A chimney repair company that state Attorney General Eric Schneiderman has accused of scamming seniors in South Queens and Brooklyn for unneccessary and bogus home repairs was ordered by a judge last week to stop all business practices.
Brooklyn Supreme Court Judge Bert Bunyan signed a consent order on Feb. 15 barring Brooklyn Union Maintenance and two related companies, KeySpan Maintenance and KeySpan Heating, from operating a home improvement contracting business, including conducting chimney inspections and repairs within the state until a performance bond of $100,000 is filed with the state attorney general.
According to the court order, the proceeds from the bond are to provide a fund for restitution, civil penalties and costs should consumers be defrauded or damaged by the firm in the future.
Bunyan also ordered the companies to pay the attorney general $120,000, comprising $60,000 in restitution and $60,000 in penalties and costs.
The order also stated that if the restitution owed to all affected consumers is less than $120,000, then the attorney general will retain the balance as civil penalties.
The attorney general can apply to the court for additional funds for restitution for eligible consumers who may come forward within 180 days of the order, according to the court order.
Schneiderman on Nov. 18, 2011 secured a temporary restraining order to freeze Brooklyn Union Maintenance’s assets and filed a lawsuit against the company, as well as KeySpan Maintenance and KeySpan Heating Maintenance, whom he alleged were swindling elderly residents in the borough and beyond.
“Those who prey on vulnerable consumers will be held accountable,” Schneiderman said in a prepared statement.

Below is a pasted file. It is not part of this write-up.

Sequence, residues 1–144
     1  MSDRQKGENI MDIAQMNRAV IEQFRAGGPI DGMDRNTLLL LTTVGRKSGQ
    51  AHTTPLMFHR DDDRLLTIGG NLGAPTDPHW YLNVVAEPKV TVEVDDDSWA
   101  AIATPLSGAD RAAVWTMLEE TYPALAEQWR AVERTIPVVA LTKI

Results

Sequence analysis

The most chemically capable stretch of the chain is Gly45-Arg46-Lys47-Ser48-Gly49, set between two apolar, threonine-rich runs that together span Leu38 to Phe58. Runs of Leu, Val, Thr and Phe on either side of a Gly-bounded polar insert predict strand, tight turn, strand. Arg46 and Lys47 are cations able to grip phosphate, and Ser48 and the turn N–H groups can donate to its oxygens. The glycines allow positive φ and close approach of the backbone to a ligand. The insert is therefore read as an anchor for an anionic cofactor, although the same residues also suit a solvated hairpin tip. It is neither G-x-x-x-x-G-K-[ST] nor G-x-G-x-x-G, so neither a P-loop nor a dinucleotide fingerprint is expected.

Attorney John Lewis Jr., representing Brooklyn Union Maintenance, declined to comment.
The attorney general alleged in the lawsuit that the companies completed unlicensed and often unnecessary services that subjected residents to further damage, like carbon monoxide leaks and poisoning.
“This scheme exposed seniors to health risks and threatened their source of heat, just as winter weather begins to set in,” Schneiderman said. “Any scam that defrauds consumers will be stopped — especially those that prey on the most vulnerable New Yorkers.”
Assistant Attorney General Lois Booker-Williams said in court papers that the attorney general began investigating the chimney cleaning firm after receiving more than 30 consumer complaints alleging that the company engaged in deceptive, fraudulent and unlawful business practices.
Booker-Williams alleged in an affidavit that Brooklyn Union Maintenance failed to provide consumers with written contracts for home improvement work costing $500 or more, failed to notify consumers of their right to cancel work and did not complete contracted services in a safe manner.
She also said the company did not complete work for which payment was received, failed to give refunds to consumers who were entitled to them, engaged in false advertising, misrepresented that they were fully licensed and insured, and didn’t obtain a license from the city Department of Consumer Affairs.
Schneiderman advised that residents shop around and get written estimates for a project, get references and check them with the city Better Business Bureau. He also suggested that residents look into the home improvement contractor’s city Department of Consumer Affairs license.
If consumers feel they have been victimized, they may contact the attorney general’s consumer helpline at (800) 771-7755.